Robin van Persie's public backing of David Moyes is a victory for the Manchester United manager. A small one, but a victory all the same.
Rumours of a rift between Moyes and van Persie have circled around Old Trafford since the summer, and Moyes is facing a big enough rebuild as it is without having to replace one of his best players.
But in a couple of sentences, the Dutch striker put the speculation to bed, telling James Robson of the Manchester Evening News that United's new manager needs time to settle into his new job:
I think he needs time like everyone. Especially if you are new at such a big club.
I don't think that people understand that they have to give a bit more time. And I’m talking about fans or even us or himself.
He will get that time and everyone is convinced that we will change things sooner rather than later.
Asked about van Persie's comments at his weekly press conference on Friday, Moyes did his best not to say "I told you so." Instead, he told Simon Stone of the Manchester Evening News that the stories had surfaced because United weren't winning:
I keep saying it is untrue but for some reason people don't want to write it or hear it.
But it is the fact. Most people know that I talk pretty straight. If there was something wrong I would be the first one to come out and say it.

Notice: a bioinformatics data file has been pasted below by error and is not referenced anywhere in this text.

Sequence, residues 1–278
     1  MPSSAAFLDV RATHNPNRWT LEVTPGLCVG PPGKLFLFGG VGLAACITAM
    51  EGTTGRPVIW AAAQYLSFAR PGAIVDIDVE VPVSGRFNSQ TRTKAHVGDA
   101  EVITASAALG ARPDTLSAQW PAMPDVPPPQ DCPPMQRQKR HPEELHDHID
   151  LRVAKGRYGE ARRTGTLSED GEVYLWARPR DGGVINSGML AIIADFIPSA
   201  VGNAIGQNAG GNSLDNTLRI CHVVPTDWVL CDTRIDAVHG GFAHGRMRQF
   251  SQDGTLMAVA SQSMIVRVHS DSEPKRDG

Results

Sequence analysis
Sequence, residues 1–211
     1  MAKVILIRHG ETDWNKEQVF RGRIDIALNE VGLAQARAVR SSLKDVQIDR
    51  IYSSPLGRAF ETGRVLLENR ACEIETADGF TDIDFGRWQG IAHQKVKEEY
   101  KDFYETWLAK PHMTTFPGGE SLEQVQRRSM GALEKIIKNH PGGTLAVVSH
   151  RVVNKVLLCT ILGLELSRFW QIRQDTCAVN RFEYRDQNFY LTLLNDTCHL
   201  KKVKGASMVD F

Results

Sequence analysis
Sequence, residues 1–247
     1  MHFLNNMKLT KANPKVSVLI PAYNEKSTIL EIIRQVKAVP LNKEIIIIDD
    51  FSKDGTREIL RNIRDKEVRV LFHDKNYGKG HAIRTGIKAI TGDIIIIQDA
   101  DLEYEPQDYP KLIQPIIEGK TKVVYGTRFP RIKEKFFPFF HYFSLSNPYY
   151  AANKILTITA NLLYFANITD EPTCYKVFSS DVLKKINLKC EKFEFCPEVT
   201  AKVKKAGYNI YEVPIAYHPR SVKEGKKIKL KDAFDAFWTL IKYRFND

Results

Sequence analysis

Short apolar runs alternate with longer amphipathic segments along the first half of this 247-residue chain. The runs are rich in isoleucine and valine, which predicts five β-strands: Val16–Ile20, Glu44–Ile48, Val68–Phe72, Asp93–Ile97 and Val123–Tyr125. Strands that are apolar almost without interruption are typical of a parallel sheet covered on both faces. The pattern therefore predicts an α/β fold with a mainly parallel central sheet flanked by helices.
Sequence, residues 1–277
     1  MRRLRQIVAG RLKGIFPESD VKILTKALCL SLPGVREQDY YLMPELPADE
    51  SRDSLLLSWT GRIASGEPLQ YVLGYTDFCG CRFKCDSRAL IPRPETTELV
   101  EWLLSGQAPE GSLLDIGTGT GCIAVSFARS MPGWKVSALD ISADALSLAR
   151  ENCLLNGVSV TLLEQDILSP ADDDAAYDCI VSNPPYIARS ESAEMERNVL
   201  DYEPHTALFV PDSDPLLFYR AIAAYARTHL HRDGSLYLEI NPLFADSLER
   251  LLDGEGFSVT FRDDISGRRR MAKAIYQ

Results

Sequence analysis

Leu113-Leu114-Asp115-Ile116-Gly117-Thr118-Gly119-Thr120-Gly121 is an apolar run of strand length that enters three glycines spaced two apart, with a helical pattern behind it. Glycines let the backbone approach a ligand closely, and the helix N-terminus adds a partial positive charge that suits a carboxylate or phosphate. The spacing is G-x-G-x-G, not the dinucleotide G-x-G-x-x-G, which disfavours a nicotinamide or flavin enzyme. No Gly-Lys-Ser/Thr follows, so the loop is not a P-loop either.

I have a really good relationship with Robin, as I do with all the players.
But when you are not winning, people look for reasons, and probably think I am not getting on with Robin. It couldn't be further from the truth.
It will be a relief to Moyes that van Persie has backed up what he's been saying all along. It's not as important as three points against Chelsea on Sunday, but it helps build a feeling that United's players are in it together.
If they can project unity to the fans and the media it will naturally help build it inside the group.
Moyes needs players like van Persie—especially van Persie—onside if United are going to meet their targets this season, particularly putting a run of results together in the Premier League and finishing in the top four.
And stories of unhappiness and broken relationships—true or not—are distractions the United manager doesn't need. He'll be thankful he has one fewer to worry about for now.
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